M.S. s Swaminathan print  
Professor M.S. Swaminathan was Chairman of the UN Science Advisory Committee set up in 1980 to take follow-up action on the Vienna Plan of Action. He has also served as Independent Chairman of the FAO Council and President of the International Union for the Conservation of Nature and Natural Resources.
Professor Swaminathan's contributions to the agricultural renaissance of India have led to his being widely referred to as the scientific leader of the green revolution movement. His advocacy of sustainable agriculture leading to an evergreen revolution makes him an acknowledged world leader in the field of sustainable food security. Professor Swaminathan was awarded the Ramon Magsaysay Award for Community Leadership in 1971, the Albert Einstein World Science Award in 1986, the first World Food Prize in 1987, Volvo Environment Prize in 1999, and the Franklin D. Roosevelt Four Freedoms Award in 2000.
Professor Swaminathan is a Fellow of many of the leading scientific academies of India and the world, including the Royal Society of London and the US National Academy of Sciences. He has received 43 honorary doctorate degrees from universities around the world. Recently, he has been elected as the President of Pugwash Conferences on Science and World Affairs. He currently holds the UNESCO Chair in Ecotechnology at the M.S. Swaminathan Research Foundation in Chennai (Madras), India.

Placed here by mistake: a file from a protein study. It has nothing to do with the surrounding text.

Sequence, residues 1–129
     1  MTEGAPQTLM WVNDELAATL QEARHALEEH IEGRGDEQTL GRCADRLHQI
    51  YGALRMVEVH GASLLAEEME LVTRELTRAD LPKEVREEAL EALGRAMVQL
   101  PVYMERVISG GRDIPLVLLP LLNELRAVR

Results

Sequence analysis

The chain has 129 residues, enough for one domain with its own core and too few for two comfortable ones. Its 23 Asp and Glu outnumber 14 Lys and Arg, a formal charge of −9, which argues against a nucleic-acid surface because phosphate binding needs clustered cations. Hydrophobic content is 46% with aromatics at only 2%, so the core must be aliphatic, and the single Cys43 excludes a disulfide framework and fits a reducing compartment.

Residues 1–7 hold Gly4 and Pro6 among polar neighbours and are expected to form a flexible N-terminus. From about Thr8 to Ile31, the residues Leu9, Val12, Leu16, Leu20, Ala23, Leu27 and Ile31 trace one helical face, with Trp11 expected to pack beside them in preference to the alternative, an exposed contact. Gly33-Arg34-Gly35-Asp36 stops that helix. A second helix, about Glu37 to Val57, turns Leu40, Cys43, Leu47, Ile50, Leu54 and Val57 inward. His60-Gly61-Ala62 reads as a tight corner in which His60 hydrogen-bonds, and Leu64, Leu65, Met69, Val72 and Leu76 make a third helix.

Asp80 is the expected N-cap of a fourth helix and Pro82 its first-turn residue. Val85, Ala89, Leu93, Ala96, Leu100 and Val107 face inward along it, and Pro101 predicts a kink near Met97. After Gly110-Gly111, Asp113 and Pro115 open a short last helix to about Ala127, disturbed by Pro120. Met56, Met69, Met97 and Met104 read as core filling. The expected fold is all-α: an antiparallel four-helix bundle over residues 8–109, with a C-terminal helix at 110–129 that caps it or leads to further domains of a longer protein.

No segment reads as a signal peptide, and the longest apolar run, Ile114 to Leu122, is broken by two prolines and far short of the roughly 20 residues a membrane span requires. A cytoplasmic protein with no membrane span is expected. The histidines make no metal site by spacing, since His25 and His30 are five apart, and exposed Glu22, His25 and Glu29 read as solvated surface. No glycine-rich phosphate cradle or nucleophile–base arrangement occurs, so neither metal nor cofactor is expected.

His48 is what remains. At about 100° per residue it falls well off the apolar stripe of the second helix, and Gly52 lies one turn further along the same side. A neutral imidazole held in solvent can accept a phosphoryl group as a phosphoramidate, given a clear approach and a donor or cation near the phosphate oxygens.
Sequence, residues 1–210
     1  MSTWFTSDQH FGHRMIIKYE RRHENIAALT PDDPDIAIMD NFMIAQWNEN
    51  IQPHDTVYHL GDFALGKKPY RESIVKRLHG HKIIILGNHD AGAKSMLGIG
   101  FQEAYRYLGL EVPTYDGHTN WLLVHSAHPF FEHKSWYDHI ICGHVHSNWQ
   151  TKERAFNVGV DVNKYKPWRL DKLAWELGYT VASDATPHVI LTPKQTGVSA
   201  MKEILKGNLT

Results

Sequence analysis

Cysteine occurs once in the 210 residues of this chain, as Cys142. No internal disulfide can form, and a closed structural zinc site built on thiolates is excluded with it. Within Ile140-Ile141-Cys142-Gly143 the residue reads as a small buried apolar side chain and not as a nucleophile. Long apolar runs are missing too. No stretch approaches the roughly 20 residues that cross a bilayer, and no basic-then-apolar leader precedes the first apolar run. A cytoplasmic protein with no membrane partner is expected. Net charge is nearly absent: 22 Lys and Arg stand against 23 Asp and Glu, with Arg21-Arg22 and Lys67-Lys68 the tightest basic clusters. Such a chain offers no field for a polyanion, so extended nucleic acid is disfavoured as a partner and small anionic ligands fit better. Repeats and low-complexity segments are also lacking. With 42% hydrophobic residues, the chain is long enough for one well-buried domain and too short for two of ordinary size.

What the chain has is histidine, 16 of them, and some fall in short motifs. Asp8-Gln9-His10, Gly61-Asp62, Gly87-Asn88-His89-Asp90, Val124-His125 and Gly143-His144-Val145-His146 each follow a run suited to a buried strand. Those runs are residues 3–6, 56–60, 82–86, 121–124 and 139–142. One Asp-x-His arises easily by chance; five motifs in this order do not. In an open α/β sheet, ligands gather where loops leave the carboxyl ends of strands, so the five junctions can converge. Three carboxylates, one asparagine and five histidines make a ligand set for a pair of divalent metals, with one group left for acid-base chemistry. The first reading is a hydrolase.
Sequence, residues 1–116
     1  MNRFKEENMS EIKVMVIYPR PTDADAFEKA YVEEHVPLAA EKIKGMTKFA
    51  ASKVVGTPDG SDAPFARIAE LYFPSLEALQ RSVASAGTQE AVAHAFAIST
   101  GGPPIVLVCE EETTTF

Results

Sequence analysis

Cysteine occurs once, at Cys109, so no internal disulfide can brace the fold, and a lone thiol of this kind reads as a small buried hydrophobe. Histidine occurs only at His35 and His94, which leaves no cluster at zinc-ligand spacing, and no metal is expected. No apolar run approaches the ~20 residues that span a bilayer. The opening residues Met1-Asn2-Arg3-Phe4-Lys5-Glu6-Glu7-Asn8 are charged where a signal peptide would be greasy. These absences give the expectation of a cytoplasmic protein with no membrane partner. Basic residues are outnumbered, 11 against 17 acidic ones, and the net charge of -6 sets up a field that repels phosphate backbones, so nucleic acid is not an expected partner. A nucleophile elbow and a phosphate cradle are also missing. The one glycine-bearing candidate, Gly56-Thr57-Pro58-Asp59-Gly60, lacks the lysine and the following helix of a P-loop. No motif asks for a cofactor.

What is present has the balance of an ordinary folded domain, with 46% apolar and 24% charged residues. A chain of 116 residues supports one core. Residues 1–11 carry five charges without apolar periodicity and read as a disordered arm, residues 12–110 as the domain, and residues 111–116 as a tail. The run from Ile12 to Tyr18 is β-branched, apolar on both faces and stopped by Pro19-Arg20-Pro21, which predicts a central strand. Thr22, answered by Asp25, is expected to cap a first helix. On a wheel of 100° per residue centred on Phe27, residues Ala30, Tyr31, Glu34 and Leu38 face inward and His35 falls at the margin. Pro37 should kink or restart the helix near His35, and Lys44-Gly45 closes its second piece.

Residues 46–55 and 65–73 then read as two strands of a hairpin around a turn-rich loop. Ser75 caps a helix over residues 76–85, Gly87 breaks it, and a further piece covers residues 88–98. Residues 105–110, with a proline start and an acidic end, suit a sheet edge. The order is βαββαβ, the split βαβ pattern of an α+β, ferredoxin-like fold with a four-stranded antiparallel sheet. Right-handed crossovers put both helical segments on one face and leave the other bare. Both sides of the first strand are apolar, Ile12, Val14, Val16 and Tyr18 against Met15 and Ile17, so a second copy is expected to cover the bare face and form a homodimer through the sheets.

Meeting the Challenge of Sea-level Rise
It is now clear that there is every likelihood of sea level going up because of global warming induced melting of the Artic and Antartic ice caps as well as various glaciers. Countries like Maldives and other island nations are very worried about the damage that could be caused to lives and livelihoods as a result of seawater inundation. The tsunami of December 26, 2004 gave a wake up call in relation to the damage that can be caused to coastal agriculture and aquaculture through seawater ingress. In the short term, bio-shields consisting of mangroves, causarina, salicornia and other halophytic plants will have to be developed all along the coast. In the longer term, we should be prepared with crop and tree varieties tolerant to seawater. In this context, M S Swaminathan Research Foundation has been working during the last fourteen years on the transfer of genes from mangrove species to rice, mustard and other crops. The transgenic material has a high level of tolerance to seawater. A detailed strategy will be presented for empowering coastal communities to manage the consequences of sea level rise